I'm excited to find out that my book SHADOWS OF DAMASCUS is nominated for the RONE award (Reward of Novel Excellence) by InD'tale Magazine in the Contemporary: Sweet - 2015 category. Having passed their initial judging process, voting is now open to the reading public. Six books with the highest votes will proceed to the final judging round by professionals in the industry.
Public voting starts today April 20 through April 26. If you're inclined to participate, I would appreciate your vote. You will need to register to see the list of nominees and vote. Please scroll down to the Contemporary:Sweet category. Here's the link:
SHADOWS OF DAMASCUS received this review recently on Amazon that really captured what I intended in the book:
"I finished reading Lilas Taha's novel "Shadows of Damascus" and did not want it to end! It took me back to the Middle East, to the sights, sounds, aromas, people and to the sad realities, and then transplanted me back to the US on an emotional journey with many dizzying resonances. The author created believable and charming characters and managed to portray so well the hurdles that Jasmine and Adam had to go through with all their human flaws and differences: differences that go beyond those of a Syrian woman and an American man, but on to the nuanced relationship between the Middle East and the United States. She ends her novel without really ending it, for the story, like the relationship between the US and the ME has not ended yet. A lovely novel that leaves us hungering to know more about Jasmine and Adam's journey, as well as that of the US and the sad and torn Middle East."
When I seriously considered writing a book,
I knew that in any story, characters have to become alive, invoke emotions,
reactions, and thoughts from readers. Whether the character is the main one in
the story, or secondary in a subplot, it doesn’t matter. All the actions and
dialogue coming out of the character have to be convincing.
With Shadows of Damascus, I had a general
idea of who the characters were, and how they interacted with each other.
Developing the specifics of how they went about their daily lives, their views
of the world they lived in, and their convictions became my true challenge.
important to pin that down to create a character that readers could connect to,
if not personally, then to someone they know. Real people, with quirks and
shortcomings, weaknesses and strengths, dreams and aspirations, successes and
failures. Even if the plot doesn’t call for all the details, writing them in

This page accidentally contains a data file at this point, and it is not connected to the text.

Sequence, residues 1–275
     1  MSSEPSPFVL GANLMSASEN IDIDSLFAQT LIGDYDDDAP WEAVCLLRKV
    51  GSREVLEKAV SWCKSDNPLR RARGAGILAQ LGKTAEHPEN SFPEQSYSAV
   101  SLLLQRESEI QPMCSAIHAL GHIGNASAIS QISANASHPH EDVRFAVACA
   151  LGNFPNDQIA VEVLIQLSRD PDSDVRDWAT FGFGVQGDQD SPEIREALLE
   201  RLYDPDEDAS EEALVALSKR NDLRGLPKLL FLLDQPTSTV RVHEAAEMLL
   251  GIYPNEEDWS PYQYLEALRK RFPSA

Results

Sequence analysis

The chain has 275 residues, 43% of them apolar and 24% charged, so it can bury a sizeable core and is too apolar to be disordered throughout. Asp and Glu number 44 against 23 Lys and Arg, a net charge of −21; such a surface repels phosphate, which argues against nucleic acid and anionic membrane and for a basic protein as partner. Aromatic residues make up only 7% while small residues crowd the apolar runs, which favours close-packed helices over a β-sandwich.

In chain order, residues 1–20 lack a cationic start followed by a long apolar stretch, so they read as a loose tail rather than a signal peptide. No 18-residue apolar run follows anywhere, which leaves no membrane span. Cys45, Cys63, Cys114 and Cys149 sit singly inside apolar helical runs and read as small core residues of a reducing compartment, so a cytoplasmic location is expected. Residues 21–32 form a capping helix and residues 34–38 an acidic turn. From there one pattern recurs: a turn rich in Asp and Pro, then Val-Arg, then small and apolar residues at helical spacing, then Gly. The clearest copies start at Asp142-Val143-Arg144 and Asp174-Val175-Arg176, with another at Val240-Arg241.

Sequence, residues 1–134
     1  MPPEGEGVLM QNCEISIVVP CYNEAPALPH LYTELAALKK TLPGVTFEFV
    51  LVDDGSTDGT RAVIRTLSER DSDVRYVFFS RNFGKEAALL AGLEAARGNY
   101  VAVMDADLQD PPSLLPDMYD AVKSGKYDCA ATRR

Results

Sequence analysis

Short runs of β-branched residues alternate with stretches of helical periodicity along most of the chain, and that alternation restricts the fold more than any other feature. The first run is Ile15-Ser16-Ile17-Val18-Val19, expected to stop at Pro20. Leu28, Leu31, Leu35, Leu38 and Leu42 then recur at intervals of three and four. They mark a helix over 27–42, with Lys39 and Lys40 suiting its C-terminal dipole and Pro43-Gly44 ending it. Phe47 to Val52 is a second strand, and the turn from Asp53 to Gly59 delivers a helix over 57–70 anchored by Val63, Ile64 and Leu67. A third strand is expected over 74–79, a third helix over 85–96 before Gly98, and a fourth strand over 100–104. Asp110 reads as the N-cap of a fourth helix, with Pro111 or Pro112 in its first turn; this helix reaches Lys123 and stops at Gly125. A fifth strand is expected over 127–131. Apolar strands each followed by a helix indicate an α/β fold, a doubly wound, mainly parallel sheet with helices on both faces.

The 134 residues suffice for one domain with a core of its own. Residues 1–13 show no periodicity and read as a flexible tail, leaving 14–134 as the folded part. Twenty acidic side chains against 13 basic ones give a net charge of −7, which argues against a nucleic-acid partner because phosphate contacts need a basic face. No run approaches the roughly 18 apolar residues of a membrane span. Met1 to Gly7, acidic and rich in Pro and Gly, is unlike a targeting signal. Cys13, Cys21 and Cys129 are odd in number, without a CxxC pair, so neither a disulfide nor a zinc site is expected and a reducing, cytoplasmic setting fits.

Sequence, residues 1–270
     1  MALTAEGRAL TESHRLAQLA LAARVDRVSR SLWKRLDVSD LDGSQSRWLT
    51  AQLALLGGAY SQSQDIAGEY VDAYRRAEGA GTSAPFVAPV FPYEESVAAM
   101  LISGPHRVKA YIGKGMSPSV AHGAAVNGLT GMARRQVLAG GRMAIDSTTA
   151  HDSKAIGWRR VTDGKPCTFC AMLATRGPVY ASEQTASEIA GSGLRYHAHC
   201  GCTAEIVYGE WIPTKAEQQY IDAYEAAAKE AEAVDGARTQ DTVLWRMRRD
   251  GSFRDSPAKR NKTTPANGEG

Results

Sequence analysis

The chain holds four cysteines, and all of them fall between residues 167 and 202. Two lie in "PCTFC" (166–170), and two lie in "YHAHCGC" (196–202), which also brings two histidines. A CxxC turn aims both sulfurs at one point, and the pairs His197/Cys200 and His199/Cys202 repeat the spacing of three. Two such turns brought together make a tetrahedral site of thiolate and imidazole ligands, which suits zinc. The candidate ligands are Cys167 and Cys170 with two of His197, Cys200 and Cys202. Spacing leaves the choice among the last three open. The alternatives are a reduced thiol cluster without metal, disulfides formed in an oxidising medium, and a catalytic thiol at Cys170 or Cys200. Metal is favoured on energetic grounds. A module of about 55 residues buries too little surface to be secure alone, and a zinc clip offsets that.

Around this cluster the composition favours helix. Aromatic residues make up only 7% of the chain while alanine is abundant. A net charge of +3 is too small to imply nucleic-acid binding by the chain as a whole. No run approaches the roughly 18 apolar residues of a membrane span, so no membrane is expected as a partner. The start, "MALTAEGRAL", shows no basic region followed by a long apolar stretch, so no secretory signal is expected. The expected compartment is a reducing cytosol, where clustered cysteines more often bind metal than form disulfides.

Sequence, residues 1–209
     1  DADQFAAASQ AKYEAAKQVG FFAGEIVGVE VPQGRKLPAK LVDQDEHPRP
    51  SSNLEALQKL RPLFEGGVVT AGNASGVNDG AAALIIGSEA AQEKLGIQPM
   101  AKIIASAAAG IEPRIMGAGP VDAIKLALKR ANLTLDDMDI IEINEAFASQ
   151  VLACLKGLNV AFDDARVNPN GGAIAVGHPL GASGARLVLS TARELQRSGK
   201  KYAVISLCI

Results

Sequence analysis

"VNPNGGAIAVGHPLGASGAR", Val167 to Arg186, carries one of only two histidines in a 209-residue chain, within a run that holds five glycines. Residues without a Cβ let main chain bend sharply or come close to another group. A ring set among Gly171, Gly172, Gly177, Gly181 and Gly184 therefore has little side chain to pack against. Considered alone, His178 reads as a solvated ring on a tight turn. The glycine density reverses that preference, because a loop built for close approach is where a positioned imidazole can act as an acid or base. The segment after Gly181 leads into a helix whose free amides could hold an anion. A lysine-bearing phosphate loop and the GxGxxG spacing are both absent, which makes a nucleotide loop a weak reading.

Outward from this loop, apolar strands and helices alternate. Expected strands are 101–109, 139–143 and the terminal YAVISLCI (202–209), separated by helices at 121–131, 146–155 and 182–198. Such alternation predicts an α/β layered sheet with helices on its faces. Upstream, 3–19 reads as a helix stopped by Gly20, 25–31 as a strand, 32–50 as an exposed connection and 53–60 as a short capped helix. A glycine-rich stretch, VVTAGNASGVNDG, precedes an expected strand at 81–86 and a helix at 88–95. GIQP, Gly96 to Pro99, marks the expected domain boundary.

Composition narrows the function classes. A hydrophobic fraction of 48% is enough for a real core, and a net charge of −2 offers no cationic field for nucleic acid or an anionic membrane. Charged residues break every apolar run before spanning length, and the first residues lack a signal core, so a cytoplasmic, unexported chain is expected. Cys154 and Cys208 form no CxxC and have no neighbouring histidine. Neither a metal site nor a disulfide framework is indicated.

brings the character closer to the surface, to be understood, accepted or
rejected, despised or fevered, whatever the reaction from the reader maybe, a
reaction nonetheless. I found as I developed my characters, they pushed me to a
different angle, a different scene or a new problem that wasn’t in the plot to
begin with. This approach may not work with all genres, and every writer has
his or her method.
It was also very important to pin down the
physical image of the character. I’m one who doesn’t cut out pictures from magazines
and stick them to a board or in a sketchbook to help with images, though I
think that is an effective way to go about it. I’m one who keeps everything in
my head, which may explain the lost look I sport around when I’m developing a
scene. I got in the habit of observing people. Wherever I am, I take in
details: facial expressions, hair styles and colors, manicured fingernails,
scruffy beards, the way a tall man walks, how a plump lady tries to cross her
legs, the small gestures between couples they try to hide in public, yet fail. To
me, it’s more than hair and eye color, skin tone and body structure. It’s more
about how the characters carry themselves, and most importantly, what they try
Christmas day was always a day of
celebration in my house: A day to give thanks for the gift of my father’s
birth, a day to wrap presents and cook special meals, a day to bake black
forest cake with cherries. We used to say the whole world celebrated his birth,
and I always believed it.
There will be no celebration this year. No pictures taken by
the fireplace. No hugs. No kisses. No shrimp in garlic sauce for dinner, no
sweet potatoes, no almonds covered in dark chocolate with green tea. No returns
the following day for the sweaters that didn’t fit, or the pants that where too
Six months have passed since he left us, and he keeps
visiting me in my dreams on a daily basis. Does my subconscious refuse his
passing? Of course it does! Do I cry out of the blue sometimes? No doubt I do!
Does the belief that he is in a better place make it easier? No, it does not!
There will be silence in my house this year. Prayers and
reflections, memories told and old pictures shared. There will be fasting,
Copies of SHADOWS OF DAMASCUS hit the shelves at the leading independent book store in Texas: BookPeople bookstore in Austin.It is available in 3 sections of the store: General Fiction, Romance Fiction, and Local Author Fiction.